On a different topic, Lila Zaborin's performance as the witch started out as sort of fun and campy what with her, uh, theatrical overenunciation of every single word, but got more and more grating to the point where I was worried I was going to die of old age before she finished a sentence.

There's a scene midway through the movie where she's channeling her Native American spirit guide which is not only annoying but also embarrassingly racist. Now granted, this movie was made in the seventies when ancient Indian burial grounds and black guys dying first were legitimate horror tropes but this scene was extra cringey and tasteless.

Even the way the movie was shot was weird and arbitrary, like an Ed Wood movie. There's all these shots of people sitting in a room not doing anything, or pouring drinks, or starting their cars that added absolutely nothing.

The final kick in the nuts that this movie delivers is that there is no orgy (although there are a couple scenes of scantily clad babes dancing around to funky music, highlight of the whole movie right there), and very little blood, giving it the feeling of a Herschel Gordon Lewis movie with all the good stuff taken out. The whole movie is available for your viewing pleasure on youtube, although the only thing that it's good for is telling your dowdy conservative great-aunt "I watched Blood Orgy of the She-Devils last night on the interweb", and you could do that without watching the movie.

-6/10 Thumbs Up

Written and Directed by: Ted V. Mikels.  Starring: Lila Zaborin, Victor Izay, William Bagdad, Tom Pace, Leslie McRae, Ray Myles.

Thursday, September 15, 2016

Pandemic

Pandemic (2016)

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After a virus turns most of the global population into violent zombies, medical professionals are highly sought after in survivor compounds. One such doctor (Rachel Nichols) is sent with a scavenging team into the city to attempt to recover another doctor from another team along with a small group of survivors.

So, yeah, it's a zombie movie. It's also pretty much direct-to-Netflix, so my expectations were not terribly high. The set up where they introduced the state of the world and the different classes of zombies (ranging from class ones which are basically just people with colds, all the way to the "rare" class fives which are violent monsters) is pretty well done and sort of deviates from other zombie flicks which kind of just throw you into the fray. It's not necessarily a better way of doing things but in the stagnant pool of zombie cinema it's okay to do something different.

The main characters were sort of interesting as well. They were pretty generic - the woman trying to find her daughter, the man trying to find his wife, et cetera - but they behaved in a way I thought was believable and the acting was pretty good so I cared enough about their struggles that the moments of danger were pretty tense. The class five zombies were freaky looking too so that helped. There were a few nasty kills too which satisfied my gore-lust.

All that is run of the mill shit for a zombie movie though. What was genuinely interesting about this movie was that it went beyond the "everybody got killed and turned into a zombie and now we must survive" archetype and poked at the societal impact of a disease that wiped out a substantial chunk of the population and turned a fraction of people into bloodthirsty ghouls.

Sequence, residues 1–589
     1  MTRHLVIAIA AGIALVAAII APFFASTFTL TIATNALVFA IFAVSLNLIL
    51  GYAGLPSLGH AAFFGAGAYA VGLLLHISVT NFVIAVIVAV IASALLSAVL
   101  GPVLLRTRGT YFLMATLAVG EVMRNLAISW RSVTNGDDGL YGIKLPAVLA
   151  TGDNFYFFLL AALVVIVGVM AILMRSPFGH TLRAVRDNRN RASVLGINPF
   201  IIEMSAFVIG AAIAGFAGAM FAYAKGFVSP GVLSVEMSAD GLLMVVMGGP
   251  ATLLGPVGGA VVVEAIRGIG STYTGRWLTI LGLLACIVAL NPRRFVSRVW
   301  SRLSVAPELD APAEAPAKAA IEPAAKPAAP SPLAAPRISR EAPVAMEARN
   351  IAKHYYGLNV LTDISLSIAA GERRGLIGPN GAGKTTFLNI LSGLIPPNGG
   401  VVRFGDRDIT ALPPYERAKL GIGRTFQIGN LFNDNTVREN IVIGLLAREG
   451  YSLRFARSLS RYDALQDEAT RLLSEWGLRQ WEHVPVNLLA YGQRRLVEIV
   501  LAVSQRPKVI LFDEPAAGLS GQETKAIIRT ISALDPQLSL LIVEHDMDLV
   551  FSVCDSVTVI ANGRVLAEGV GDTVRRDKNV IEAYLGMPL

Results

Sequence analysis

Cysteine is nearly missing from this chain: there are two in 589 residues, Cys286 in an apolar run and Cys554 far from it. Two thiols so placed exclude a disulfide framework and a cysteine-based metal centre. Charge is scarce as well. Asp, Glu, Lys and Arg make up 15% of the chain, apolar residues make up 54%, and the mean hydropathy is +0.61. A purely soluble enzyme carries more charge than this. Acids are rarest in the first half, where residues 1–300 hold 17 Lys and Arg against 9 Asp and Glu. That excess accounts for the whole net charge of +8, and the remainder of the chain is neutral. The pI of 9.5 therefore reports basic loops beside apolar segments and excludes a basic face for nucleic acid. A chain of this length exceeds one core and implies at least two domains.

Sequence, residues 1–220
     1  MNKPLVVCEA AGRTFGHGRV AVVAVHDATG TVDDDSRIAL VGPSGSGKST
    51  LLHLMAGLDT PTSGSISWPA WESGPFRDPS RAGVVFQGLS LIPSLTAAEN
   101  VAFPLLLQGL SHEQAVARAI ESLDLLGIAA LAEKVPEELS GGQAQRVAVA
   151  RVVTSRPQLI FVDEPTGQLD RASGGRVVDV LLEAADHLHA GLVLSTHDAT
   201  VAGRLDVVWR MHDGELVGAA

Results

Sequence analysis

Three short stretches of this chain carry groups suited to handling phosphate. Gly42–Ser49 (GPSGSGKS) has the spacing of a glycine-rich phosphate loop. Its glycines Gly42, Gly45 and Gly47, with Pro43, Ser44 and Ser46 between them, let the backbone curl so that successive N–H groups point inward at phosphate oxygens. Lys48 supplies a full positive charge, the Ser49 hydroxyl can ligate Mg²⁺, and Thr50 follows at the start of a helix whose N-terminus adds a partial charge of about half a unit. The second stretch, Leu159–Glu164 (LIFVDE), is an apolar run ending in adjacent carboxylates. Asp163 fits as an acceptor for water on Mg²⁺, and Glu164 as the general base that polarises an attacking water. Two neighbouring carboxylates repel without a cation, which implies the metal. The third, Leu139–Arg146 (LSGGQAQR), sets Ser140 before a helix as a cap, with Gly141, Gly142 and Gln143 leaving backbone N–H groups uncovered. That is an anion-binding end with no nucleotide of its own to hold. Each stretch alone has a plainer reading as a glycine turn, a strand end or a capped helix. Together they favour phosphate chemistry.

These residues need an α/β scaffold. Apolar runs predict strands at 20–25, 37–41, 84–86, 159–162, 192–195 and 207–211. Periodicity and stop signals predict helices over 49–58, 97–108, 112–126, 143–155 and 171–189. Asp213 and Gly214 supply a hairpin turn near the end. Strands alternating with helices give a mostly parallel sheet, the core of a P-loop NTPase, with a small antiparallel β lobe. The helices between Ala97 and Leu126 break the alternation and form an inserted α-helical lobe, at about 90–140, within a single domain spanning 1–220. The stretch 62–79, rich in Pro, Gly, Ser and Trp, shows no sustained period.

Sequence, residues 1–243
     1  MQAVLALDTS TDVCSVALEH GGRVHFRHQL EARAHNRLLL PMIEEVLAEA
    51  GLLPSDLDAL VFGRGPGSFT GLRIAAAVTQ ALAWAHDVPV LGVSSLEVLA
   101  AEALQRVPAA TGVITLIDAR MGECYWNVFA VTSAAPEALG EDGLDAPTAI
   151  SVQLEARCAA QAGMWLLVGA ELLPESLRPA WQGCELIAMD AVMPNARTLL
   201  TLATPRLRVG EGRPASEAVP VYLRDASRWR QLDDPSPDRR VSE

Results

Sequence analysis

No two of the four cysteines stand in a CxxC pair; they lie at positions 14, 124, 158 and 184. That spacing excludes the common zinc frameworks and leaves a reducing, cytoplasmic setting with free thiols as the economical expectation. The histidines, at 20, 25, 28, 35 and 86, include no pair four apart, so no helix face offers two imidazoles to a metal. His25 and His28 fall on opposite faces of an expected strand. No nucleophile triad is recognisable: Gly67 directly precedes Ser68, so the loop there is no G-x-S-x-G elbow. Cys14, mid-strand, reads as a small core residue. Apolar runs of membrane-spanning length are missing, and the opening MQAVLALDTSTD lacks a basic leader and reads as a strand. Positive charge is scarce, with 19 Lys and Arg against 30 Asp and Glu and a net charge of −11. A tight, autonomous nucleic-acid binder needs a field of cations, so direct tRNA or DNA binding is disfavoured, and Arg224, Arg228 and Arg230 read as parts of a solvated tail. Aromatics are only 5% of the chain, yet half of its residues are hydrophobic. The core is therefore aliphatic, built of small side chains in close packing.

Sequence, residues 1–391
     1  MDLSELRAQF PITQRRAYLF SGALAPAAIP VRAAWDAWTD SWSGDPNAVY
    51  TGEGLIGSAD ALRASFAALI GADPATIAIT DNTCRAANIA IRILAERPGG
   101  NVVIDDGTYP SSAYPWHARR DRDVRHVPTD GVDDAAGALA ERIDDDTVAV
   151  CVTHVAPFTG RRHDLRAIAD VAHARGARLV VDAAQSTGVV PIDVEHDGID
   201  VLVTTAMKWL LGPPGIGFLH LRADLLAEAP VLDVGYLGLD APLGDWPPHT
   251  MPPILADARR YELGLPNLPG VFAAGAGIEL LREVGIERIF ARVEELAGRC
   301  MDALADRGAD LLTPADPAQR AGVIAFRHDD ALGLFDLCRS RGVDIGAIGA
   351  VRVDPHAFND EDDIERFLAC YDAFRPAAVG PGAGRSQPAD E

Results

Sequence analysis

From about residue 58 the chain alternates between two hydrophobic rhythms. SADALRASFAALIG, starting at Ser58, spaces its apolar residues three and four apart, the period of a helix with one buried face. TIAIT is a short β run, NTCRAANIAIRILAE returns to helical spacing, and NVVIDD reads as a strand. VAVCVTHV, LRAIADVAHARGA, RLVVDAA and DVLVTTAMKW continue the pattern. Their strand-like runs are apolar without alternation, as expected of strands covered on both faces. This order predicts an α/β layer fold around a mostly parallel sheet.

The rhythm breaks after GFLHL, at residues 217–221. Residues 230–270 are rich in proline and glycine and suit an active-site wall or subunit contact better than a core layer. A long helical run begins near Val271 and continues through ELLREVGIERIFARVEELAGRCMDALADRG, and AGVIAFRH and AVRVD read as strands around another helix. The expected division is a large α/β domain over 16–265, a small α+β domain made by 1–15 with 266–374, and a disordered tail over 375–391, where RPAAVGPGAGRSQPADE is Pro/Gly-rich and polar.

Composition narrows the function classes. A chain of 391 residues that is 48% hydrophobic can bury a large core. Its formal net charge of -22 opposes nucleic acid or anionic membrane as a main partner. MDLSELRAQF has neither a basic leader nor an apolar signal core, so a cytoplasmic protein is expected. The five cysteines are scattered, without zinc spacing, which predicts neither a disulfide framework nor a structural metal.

It's explained fairly early on that only certain people get to live in the relative safety of compounds, while the rest of the population is left to starve to death in the city. So most of the dangers that the main characters face are not, in fact, zombie related, but rather uninfected people doing what they have to to get food and so on. I know, that has a real "humans are the REAL monsters" vibe, but it's still more engaging than yet another "uh oh, zombies" movie. It gets to the point later in the movie where infected and uninfected are indistinguishable. All in all it's pretty fucking grim. Like 28 Days Later for people who've never seen 28 Days Later.

The movie was made fairly competently, apart from the audio which was terrible - it had that obnoxious quality of being way too quiet to hear the dialogue but also way too loud during the action bits to turn it up. The first fifteen minutes or so of the movie were well shot and aesthetically pleasing.

Unfortunately, this is also a POV movie, intentionally shot to look like a video game. Remember how in last week's review I said that doing first person shooter scenes in a movie is fucking tacky but excusable if the movie is based on a video game? This movie isn't. This is just a movie made by some dude who plays a lot of video games and thought "hey, what if I shot a movie in the first person, that's never been done before".

So in the interest of making a movie revolving around a stupid gimmick, they sacrificed clarity and made one more shaky, incomprehensible mess (see also: Clovervield, Diary of the Dead, Rec, Quarantine, and so on). The really frustrating thing about it was that it didn't even commit to the first person narrative. The movie jumps between first and third person indiscriminately, which completely defeats the purpose of making the fucking thing first person anyway. Seriously, though, why would anybody make a movie where the action scenes are shot in first person so it's impossible to tell what's going on, but large chunks of the other scenes aren't. Like what the fuck are you doing and why. I don't understand.

Anywho, this movie isn't terrible. It explores some less traveled territory but it doesn't break any new ground. If you're bored and cruising Netflix and not completely sick of zombie movies and/or POV movies, it will occupy ninety minutes of your time. It's definitely not worth going out of your way to see though.

4/10 Thumbs Up

Directed by: John Suits.  Written by: Dustin T. Benson.  Starring: Rachel Nichols, Alfie Allen, Missi Pyle, Mekhi Phifer, Danielle Rose Russell, Paul Guilfoyle.